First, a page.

Urbanization provides South Asian countries with the potential to transform their economies to join the ranks of richer nations in both prosperity and livability, but the World Bank report Leveraging Urbanization in South Asia: Managing Spatial Transformation for Prosperity and Livability by Peter Ellis and Mark Roberts finds the region, while making strides, has struggled to make the most of the opportunity.
One big reason is that its urbanization has been messy and hidden, according to the report. Messy urbanization is reflected in the widespread existence of slums and sprawl. Sprawl, in turn, helps give rise to hidden urbanization, particularly on the peripheries of major cities, which is not captured by official statistics. Messy and hidden urbanization is symptomatic of the failure to adequately address congestion constraints that arise from the pressure of urban populations on infrastructure, basic services, land, housing, and the environment.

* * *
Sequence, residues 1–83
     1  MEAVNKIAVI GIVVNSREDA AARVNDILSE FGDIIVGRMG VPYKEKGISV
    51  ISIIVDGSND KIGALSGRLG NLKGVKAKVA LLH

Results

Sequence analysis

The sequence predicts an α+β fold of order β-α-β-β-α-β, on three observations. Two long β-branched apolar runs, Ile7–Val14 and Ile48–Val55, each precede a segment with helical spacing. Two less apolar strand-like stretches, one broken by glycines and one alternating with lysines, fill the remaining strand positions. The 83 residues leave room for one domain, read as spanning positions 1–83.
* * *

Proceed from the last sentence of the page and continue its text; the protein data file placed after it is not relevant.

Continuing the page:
South Asia’s policymakers, the World Bank report says, face a choice: Continue on the same path or undertake difficult and appropriate reforms to improve the region’s trajectory of development. It won’t be easy but such actions are essential in making the region’s cities prosperous and livable.
The MDTF SUD supported much of the analytical work that was used in Leveraging Urbanization in South Asia.